“Those (challenges) are something we all work together to try and address. Different agencies come together, whether it’s a specific shelter, housing authority, nursing teams, sometimes other agencies like supportive housing or addiction counsellors are involved. There are often team meetings about specific clients if they engage in the system.

“Beyond that there a those who don’t engage with the system and choose not to - and I use the term ‘choose’ sparingly. They’re not in an empowered situation to make those types of decisions. There are people who are unable to engage in the system, despite all the best efforts of all the people who are trying to help.”

Some of the volunteers who have taken it upon themselves to care for some of the homeless people who were living at Recreation Avenue have been very critical about the efforts of these agencies.

Shilo Ashbury told iNFOnews.ca, earlier this month, that in a two-day period she was able to help four people navigate through the system.

“There are too many agencies, all working independently and all working with the same person,” she said. “The agencies don’t really want you to come in because we’re stepping on toes. Because we’ve seen the situation and we’ve seen what’s being done. We’re just regular citizens and we’re going ‘where are the people who are supposed to be doing this job?’ Where are you guys?”

Corneil said outreach works were at the camp twice a day but, in a way, acknowledged there was some validity to the criticism.

“In the last three weeks I have really seen how supportive and willing people are in all the different agencies to really step up and try and address the needs of as many people living rough in downtown Kelowna as much as possible in a very collaborative effort,” he said. “For all of us, there are some lessons to be learned. There are things that worked well in this intensive period that we can take away and say, ‘hey, maybe that should become regular practice. Maybe that’s something we can do better the next time we have a client who is in that situation. I’m hoping it’s the beginning of some improved coordination of care for persons who are living in these difficult situations.”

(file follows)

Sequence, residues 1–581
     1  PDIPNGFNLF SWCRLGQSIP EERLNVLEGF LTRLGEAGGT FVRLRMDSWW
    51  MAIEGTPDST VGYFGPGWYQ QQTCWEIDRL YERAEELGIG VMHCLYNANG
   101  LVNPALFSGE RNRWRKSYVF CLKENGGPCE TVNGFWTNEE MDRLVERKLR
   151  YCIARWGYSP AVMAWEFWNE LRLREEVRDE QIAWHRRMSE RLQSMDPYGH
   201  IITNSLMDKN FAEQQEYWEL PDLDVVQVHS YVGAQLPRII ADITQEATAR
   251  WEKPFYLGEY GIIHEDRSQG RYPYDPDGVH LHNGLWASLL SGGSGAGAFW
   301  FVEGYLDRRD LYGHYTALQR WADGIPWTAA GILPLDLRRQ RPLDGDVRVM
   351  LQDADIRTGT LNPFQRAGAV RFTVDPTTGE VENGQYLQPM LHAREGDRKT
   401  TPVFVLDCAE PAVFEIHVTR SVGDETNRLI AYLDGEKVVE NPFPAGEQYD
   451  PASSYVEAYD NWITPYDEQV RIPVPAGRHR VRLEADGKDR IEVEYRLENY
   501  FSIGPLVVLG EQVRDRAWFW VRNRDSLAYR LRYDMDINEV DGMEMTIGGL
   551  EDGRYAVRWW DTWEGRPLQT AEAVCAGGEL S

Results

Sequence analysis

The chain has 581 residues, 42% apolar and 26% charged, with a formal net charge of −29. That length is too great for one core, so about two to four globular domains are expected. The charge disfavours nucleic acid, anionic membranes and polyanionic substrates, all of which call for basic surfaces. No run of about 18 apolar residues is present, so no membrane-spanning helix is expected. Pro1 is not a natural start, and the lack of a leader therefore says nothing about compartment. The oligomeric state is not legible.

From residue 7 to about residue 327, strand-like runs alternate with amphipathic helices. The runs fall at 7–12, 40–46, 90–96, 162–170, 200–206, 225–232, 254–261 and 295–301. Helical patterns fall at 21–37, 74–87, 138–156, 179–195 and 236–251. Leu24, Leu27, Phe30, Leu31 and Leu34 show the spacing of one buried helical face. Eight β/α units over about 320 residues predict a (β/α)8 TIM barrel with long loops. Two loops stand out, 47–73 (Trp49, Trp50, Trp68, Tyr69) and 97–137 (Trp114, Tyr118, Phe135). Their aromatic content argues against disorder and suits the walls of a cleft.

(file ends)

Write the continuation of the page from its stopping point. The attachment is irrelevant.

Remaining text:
As for the contribution of volunteers?

“Volunteers are always helpful when they are doing it in the context of the care continuum, whether that’s social work, whether that’s addictions, whether that’s shelter,” he said. “I think it’s helpful if the experts in the different fields are advising volunteers on where to best focus their efforts.”

All that being said, there will be people sleeping rough over what, for many, are the Christmas holidays.

“On the one hand, I am concerned about those persons who continue to be at risk living rough,” Corneil said. “But I’m also very happy that the number of people living rough is about half of what it was a week ago. That’s a huge win for the individual patients and clients who were able to access service.”

To contact a reporter for this story, email Rob Munro or call 250-808-0143 or email the editor. You can also submit photos, videos or news tips to the newsroom and be entered to win a monthly prize draw.